If you're the kind of host who wants to be on the dance floor and spending time with people, I'd say you should hire help even if it's 15 people. It really depends on you. If you want to be with your friends instead of going crazy running around, I would suggest spending an extra couple dollars getting help.

    9. When should you hire a florist?
    Flowers can be as simple as cutting hydrangeas from the backyard, which is what I do. If flower arrangement is important to you, always get a florist. It's always good to If just stick to one kind of flower and make it so that it's meant to be that way. This helps make everything look right in color, size, and scale. We did a party once with just all supermarket roses and it turned out great.


    10. What are your three essential tips for quick and easy entertaining on the fly?
    If you are working with cocktail foods, stick to appetizers that you can eat with one hand. Ready-made appetizers are great. This lets people walk around to get to know each other.

    I also love using produce and fruits and vegetables for decor--bowls with clementines, apples during fall. I've even used fresh basil and corn and placed them in buckets, which was easy and looked great.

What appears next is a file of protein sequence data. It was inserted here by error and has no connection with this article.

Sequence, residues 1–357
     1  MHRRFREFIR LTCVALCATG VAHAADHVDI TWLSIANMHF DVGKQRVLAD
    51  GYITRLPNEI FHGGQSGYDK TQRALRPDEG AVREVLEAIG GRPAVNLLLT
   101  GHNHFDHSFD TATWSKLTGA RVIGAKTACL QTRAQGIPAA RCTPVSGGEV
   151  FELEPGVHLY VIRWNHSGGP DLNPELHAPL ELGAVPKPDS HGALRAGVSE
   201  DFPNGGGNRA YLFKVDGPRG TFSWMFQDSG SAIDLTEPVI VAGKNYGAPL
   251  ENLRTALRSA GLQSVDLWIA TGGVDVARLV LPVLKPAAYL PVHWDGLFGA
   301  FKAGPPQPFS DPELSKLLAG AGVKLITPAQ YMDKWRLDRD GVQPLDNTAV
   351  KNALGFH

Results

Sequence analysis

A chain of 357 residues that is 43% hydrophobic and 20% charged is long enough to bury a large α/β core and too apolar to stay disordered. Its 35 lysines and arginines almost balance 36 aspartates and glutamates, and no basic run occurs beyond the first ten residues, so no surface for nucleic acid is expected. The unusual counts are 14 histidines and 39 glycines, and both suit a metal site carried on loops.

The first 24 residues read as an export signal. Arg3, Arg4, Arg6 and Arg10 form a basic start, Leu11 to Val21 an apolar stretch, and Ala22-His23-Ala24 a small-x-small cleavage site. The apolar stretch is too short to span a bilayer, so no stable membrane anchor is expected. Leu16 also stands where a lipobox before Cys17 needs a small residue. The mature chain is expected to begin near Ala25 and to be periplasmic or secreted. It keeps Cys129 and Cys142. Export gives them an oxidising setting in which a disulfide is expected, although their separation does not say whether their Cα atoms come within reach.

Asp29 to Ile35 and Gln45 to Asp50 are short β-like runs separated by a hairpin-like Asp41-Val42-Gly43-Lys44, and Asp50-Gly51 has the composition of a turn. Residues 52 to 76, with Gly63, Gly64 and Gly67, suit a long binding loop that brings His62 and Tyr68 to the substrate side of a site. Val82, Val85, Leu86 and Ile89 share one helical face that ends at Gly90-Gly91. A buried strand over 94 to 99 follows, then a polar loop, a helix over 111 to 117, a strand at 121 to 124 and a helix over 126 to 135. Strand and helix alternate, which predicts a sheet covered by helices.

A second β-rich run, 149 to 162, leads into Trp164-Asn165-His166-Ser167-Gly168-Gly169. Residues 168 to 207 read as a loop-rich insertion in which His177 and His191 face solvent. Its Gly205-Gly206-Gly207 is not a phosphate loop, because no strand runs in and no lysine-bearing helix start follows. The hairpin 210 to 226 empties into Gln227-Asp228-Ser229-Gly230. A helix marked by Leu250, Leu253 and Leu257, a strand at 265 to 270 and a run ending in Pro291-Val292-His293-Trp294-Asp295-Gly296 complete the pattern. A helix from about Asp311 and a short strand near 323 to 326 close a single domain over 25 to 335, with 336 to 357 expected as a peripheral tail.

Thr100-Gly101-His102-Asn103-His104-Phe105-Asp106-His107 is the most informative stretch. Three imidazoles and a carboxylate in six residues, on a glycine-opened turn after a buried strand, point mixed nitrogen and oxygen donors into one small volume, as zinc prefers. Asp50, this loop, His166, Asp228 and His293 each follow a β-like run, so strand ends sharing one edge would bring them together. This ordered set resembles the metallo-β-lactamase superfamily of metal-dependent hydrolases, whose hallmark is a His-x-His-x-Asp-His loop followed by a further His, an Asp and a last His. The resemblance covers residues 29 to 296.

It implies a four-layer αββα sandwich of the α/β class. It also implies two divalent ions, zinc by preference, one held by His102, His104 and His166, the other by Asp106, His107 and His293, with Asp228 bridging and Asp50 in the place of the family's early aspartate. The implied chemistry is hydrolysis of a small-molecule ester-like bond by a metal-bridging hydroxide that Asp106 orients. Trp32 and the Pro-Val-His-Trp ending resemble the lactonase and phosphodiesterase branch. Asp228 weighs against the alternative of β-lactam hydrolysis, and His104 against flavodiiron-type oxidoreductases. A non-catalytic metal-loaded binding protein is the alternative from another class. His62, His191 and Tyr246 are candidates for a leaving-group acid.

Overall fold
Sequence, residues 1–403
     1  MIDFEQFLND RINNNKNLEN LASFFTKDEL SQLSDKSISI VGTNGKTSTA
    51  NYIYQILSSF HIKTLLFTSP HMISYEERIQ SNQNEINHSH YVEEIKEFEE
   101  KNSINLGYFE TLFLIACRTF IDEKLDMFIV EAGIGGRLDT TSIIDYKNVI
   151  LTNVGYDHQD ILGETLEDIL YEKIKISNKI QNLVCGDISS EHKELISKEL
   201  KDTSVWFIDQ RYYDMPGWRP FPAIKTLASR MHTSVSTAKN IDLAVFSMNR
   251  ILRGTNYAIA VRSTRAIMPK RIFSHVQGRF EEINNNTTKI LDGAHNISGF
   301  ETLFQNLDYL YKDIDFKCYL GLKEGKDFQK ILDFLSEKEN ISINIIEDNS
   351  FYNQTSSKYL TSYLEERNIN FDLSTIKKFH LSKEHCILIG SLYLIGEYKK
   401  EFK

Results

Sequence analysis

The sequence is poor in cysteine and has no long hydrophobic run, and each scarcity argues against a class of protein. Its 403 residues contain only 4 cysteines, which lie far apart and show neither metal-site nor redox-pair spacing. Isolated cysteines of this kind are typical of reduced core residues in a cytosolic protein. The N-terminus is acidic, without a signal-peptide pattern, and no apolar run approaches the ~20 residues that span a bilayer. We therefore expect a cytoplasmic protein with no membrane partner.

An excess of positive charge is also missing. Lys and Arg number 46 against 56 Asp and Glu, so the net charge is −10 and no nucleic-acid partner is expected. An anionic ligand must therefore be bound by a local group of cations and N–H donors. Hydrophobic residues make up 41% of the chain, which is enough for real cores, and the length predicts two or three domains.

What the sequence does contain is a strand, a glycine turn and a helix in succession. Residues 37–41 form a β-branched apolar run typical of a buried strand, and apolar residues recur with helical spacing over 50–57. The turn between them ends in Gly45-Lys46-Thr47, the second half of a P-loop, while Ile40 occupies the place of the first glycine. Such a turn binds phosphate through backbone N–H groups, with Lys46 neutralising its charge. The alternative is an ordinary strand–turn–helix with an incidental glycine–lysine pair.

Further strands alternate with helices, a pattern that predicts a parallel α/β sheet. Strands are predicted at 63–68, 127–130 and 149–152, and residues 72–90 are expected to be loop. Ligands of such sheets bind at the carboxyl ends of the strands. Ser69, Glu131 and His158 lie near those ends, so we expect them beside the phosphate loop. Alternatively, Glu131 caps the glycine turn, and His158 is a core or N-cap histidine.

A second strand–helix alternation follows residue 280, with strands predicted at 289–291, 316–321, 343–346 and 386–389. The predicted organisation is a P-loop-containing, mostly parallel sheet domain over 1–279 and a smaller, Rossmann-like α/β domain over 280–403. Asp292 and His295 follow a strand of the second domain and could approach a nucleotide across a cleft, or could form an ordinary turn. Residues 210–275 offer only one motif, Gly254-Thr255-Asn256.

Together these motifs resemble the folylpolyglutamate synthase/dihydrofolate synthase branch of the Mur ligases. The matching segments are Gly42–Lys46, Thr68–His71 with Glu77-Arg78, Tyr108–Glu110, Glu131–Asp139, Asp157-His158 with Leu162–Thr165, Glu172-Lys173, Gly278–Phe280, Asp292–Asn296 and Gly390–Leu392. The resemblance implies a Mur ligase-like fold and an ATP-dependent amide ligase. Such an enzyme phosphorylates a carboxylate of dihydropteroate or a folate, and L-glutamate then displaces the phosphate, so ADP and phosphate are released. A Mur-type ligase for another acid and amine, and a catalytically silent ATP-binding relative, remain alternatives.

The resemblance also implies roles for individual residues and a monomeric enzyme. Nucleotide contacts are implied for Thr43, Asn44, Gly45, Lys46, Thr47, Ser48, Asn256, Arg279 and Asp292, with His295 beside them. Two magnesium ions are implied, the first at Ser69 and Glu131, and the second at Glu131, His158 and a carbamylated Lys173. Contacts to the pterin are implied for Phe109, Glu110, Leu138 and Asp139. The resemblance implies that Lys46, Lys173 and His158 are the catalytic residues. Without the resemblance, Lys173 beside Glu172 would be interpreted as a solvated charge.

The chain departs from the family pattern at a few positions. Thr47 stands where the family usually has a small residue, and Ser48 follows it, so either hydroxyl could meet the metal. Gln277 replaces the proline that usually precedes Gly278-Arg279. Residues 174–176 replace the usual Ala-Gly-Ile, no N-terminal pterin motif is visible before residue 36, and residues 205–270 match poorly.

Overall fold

Remember that food and music are the most important things. The music you choose should go along with the guests at your party, not just what you love. And the iPod is the best since you can customize your mix for the party.

    Another tip: Candlelight everywhere is cheap and great. Just don't forget to blow them out at the end of the night!

    11. What are three words that describe a successful party to you?
    Memorable, meaningful, beautiful.

    12. How do you get people to leave once a party is over?
    I start to clean up. And maybe put the lights up and turn the music up and hope that they get the hint.

     

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    In Random Recast, we find new uses for everyday items. This week: Wine bottles.